Being a physician, one’s first duty is to one’s patients. When Congress passed the healthcare reform bills, more than a few of us were doubtful that this was going to help. Many more felt there were far better possible solutions to be found. Few felt the entire 500+ seats of Congress should have taken an entire year to come up with that legislation. But when it passed, we hoped for the best, and figured it could always be changed before it went into full effect. That last may be the best idea in the whole stew.
Let’s take a look at what the new HCR shows us so far. So far, pretty much nothing good. There are state and federal funds to assist in the cost of achieving healthcare insurance for those with pre-existing conditions — but precious few can afford, let alone justify, the premiums. Score Zero for HCR on that one.
What about the rest? It seems that’s a mixed bag. In one sense, it’s good that there isn’t much else kicking in yet (from that bill) so there is still time to get things changed. In another sense, very little help for patients is actually happening. There’s a little piece of the legislature’s imagination at play with doctor-owned hospitals qualifying for funds for a few things. Still not quite sure why it should be material that doctors own the hospital they work out of. Are there more restrictive rules against auto mechanics who own their own shops?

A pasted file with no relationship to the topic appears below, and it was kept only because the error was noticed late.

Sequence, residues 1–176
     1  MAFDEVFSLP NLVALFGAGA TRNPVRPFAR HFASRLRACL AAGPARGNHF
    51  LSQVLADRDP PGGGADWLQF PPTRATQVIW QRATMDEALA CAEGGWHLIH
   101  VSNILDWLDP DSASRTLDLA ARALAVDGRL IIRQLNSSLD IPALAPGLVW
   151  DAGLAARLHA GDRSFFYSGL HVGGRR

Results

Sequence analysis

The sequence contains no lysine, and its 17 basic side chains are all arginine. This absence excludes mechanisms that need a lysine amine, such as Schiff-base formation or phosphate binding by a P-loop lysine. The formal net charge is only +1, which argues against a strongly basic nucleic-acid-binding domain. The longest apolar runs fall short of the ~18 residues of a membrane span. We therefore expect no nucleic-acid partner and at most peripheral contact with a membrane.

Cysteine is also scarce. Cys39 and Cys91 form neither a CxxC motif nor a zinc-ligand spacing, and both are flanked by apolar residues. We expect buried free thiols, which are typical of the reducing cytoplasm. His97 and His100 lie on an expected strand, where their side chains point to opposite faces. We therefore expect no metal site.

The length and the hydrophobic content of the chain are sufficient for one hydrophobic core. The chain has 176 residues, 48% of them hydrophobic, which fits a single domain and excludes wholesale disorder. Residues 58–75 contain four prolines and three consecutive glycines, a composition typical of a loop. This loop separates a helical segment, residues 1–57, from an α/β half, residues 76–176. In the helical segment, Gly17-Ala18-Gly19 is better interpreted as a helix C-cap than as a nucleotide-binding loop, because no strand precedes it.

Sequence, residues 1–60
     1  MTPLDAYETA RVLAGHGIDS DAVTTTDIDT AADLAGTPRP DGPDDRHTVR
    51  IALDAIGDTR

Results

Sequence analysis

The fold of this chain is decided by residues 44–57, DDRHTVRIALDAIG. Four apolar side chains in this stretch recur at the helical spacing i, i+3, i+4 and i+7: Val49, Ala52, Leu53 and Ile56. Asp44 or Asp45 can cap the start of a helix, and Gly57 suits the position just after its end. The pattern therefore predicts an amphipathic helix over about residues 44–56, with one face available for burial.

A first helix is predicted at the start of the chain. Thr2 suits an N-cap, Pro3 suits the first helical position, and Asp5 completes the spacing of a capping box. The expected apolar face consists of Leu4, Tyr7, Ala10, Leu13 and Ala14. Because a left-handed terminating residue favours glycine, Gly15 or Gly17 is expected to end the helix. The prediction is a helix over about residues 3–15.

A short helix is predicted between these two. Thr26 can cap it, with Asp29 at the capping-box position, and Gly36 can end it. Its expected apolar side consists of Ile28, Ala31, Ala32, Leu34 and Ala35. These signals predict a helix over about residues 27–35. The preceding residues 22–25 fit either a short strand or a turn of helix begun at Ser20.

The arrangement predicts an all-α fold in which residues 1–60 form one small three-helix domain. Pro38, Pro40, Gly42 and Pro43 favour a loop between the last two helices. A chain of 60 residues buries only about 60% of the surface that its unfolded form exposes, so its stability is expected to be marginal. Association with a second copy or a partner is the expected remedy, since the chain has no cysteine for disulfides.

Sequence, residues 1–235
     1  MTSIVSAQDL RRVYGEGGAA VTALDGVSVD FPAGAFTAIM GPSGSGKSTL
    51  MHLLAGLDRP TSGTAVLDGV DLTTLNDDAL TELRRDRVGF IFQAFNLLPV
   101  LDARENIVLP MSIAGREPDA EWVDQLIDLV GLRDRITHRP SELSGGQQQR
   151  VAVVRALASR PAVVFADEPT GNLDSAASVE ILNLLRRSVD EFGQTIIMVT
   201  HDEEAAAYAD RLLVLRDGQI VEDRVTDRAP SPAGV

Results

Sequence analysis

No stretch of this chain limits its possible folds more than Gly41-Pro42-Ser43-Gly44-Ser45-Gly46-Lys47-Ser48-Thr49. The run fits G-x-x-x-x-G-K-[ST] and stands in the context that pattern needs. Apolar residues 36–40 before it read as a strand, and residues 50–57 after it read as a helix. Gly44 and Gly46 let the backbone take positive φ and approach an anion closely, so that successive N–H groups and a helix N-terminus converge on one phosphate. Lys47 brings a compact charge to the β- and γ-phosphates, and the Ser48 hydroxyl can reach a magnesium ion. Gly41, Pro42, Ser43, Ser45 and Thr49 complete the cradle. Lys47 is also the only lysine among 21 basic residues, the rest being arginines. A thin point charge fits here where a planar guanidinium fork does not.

Then there are all of the court cases all over the country, where a state’s Supreme Court has ruled against caps on awards of any kind after the legislature enacted them. It’s pretty consistent so far. At first glance that might suggest that the ruling would be “for the patient,” but we all know what happens when the trial attorneys get ahold of that. In the final analysis, that’s BAD news for the patients.
This country’s 500 members of Congress spent the better part of a year doing what a handful of bright people (and a few support staff) could have come up with in 3 months. But the handful would likely have done a better job of it, as they wouldn’t have had the machine of politics to deal with. Development of a solution of this importance and magnitude should not be left to the machinations of the political system. Rather, the best and brightest minds should have solved the problem, and left it to the legislature to translate into legalese and approve.
We still have the opportunity to make changes to the healthcare system. Much of the country may be fatigued by the wrangling over healthcare reform, but to allow this ill-conceived plan to continue into practice would be a far greater burden than to revisit the subject. We have a duty to our patients, and we owe it to ourselves, to do our best to stave off this abysmal failure of a plan. What would you suggest if you had a seat at the table?